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The FBI Wants Animal Activist...



By David L. Howard

With the death of Osama Bin Laden, The FBI’s “Ten Most wanted Terrorists” added Daniel Andreas San Diego, a U.S. citizen and animal rights activist to their list.  The others on the list are wanted for aiding al Qaeda, attacking federal facilities or committing air piracy.

Mr. San Diego has been indicted for helping bomb Chiron Corporation and Shaklee.  Chiron is a pharmaceutical company and Shaklee makes vitamins and shampoos.  He targeted these companies because of their ties to British-based Research Company that performs laboratory testing on animals.  He also placed a second bomb timed to kill or injure police and firefighters arriving on the scene.

He is the first animal rights activist to make the list believing the so-called rights of animals take precedence over the health and well being of humans.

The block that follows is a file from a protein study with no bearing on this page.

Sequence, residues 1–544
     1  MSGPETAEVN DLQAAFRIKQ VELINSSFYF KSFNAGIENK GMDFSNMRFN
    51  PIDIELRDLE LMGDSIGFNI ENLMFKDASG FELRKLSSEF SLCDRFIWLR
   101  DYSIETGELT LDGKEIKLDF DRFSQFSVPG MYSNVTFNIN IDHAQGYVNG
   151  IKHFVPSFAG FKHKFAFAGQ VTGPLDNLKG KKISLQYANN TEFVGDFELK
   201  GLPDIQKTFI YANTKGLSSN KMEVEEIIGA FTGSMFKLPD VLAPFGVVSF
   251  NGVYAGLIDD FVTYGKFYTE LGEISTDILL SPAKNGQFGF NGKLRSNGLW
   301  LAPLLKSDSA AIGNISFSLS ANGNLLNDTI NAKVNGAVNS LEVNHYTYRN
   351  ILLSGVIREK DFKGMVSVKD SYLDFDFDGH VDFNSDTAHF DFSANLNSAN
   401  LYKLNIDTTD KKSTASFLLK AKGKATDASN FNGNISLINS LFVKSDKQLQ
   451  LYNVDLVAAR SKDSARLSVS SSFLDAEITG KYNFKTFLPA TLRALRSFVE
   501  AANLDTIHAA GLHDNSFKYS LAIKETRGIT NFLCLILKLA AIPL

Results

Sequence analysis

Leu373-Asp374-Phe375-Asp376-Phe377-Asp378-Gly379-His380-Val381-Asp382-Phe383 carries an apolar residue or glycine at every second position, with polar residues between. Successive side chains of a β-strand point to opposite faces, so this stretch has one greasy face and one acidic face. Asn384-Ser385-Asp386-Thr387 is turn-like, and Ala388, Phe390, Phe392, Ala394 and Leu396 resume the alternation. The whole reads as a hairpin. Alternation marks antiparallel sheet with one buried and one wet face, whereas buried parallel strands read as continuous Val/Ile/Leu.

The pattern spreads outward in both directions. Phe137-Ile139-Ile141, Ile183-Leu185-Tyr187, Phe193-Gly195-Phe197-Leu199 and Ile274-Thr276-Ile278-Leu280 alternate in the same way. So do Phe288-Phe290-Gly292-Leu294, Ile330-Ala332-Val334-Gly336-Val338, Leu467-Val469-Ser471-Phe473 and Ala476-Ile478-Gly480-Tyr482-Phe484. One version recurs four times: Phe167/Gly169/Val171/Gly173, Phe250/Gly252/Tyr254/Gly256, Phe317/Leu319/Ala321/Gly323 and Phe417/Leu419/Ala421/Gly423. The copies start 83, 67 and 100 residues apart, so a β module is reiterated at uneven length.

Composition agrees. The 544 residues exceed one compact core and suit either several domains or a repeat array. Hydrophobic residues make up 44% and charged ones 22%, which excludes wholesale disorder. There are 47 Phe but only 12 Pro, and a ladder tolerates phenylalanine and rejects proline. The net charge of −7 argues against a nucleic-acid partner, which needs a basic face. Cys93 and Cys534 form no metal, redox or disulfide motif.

A recent article in the Wall Street Journal stated “Unlike al Qaeda, however, animal rights extremists enjoy worrisome public support for their cause.  Polls by the Foundation for Biomedical Research  show that only half of Americans support the use of animals in health-related research, down from near-universal 40 years ago.  This decrease has followed massive campaigns by organizations such as PETA and the Humane Society of the United States (which spends only a tiny fraction of its huge budget on animal shelters, with most going to ‘educational endeavors’ according to IRS forms reviewed by the Watchdog Group Humane Watch).”

The article goes on to say “Opponents of animal research distribute images that are altered or outdated, even 50 years old in some cases.  And they never mention that animal research is regulated and inspected by the federal government.  We researchers are a soft target for misinformation because we don’t speak well to the public, prefer to work in our laboratories, and tend to assume, incorrectly, that the truth will win out.”

Editor’s Note:  Please read the last two paragraphs above from the Wall Street Journal and see if is not exactly the same way humane groups have treated the Walking Horse industry.

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